Profit shares based on a single country is always a point of debate within firms, regardless of the model used (such as lockstep or merit-based). When an international element is introduced, this increases the tension within the stakeholder group. For partnerships, members in the UK are likely to see a profit dilution in early years to fund the expansion for which a return is not guaranteed and also may be some way off in the future. For the overseas partners, they may look for a higher profit share, given that they are taking a risk in joining the new venture, which could increase the dilutive effect on the UK partners.

Relocation and taxes

Other factors to be considered when expanding overseas will include local cost of living and local taxes. When a firm moves into the international arena, the impact of tax on the individual will need to be evaluated. Should tax equalisation be introduced or are profits distributed on a gross basis? These have a real impact on the perception of equity and individual motivations within the partner group. Decisions made now may also set a precedent for future ventures overseas and should therefore be considered with this in mind.

Tax equalisation will also feature when looking at the mobility of staff. Often, when a firm expands internationally, domestic staff and partners will be relocated to the new offices to help transfer skills and approaches between locations. This can be a great advantage to a firm that is looking to retain and attract talent, as the opportunity to travel with work is a proposition some individuals look for in
a firm.

When asking someone to relocate, the firm will need to consider the implications for that individual in terms of remuneration. Should they move onto a local package which may be vastly different from their domestic package? What impact does tax have in relation to the net package as compared to the gross? These factors need to be considered when secondments and relocations are being proposed so that the benefit of the transfer of skills is seen as a reward to the individual and not just the firm.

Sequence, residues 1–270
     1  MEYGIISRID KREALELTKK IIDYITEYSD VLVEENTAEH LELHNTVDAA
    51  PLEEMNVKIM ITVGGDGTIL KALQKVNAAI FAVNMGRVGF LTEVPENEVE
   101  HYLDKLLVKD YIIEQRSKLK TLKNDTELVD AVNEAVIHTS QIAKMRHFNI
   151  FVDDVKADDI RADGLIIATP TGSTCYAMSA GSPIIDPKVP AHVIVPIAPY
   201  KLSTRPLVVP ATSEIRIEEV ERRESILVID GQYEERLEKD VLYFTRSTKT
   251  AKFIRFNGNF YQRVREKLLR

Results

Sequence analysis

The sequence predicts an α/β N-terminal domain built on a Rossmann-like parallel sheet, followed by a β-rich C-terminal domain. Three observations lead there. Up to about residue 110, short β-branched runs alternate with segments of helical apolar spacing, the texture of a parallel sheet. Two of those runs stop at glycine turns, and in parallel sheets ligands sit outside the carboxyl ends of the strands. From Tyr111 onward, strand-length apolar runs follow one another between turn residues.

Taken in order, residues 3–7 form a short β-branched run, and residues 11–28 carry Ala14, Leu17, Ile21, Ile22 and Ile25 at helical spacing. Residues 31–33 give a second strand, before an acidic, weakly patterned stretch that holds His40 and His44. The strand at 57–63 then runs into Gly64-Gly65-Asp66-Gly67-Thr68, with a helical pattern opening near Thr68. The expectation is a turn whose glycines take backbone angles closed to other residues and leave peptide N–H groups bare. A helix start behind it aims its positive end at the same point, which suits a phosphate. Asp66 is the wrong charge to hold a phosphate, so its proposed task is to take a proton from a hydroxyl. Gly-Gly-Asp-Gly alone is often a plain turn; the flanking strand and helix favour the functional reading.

When establishing a presence in an overseas country, other tax implications need to be considered. Some countries have a 'short-term business visitor' regime which can result in visits of a matter of days, opening the UK firm up to a reporting obligation and tax liabilities in respect of the employees.

Understanding the various tax regimes is essential to realising value at the net return level of the investment. The ability to repatriate profits and reward employees and partners are all affected by tax. The penalties for not adhering to local tax regulation can be severe, so a thorough understanding is essential.

Other considerations

International business brings the additional requirement of setting up a bank account and the risk of foreign currency. This will impact reported results in terms of the revenue, balance sheet position and cashflows per the local financial statements.

Hedging can be used for effective control of currency movements and can help to protect the business from large swings in foreign exchange rates. However, treatment of foreign exchange movements from an accounting perspective can have quite a different impact for the financial statements.

Each jurisdiction will have its own specific factors to consider when firms are looking to expand their business overseas. Over the coming months, we will be looking at a number of countries which are currently attractive to professional service firms in terms of expansion and discuss the specific areas that management should consider when looking at expansion. Although there are risks when expanding overseas, there is also a real opportunity to benefit in the longer term.

Matthew White is partner and international practice leader for professional services at BDO (www.bdo.co.uk)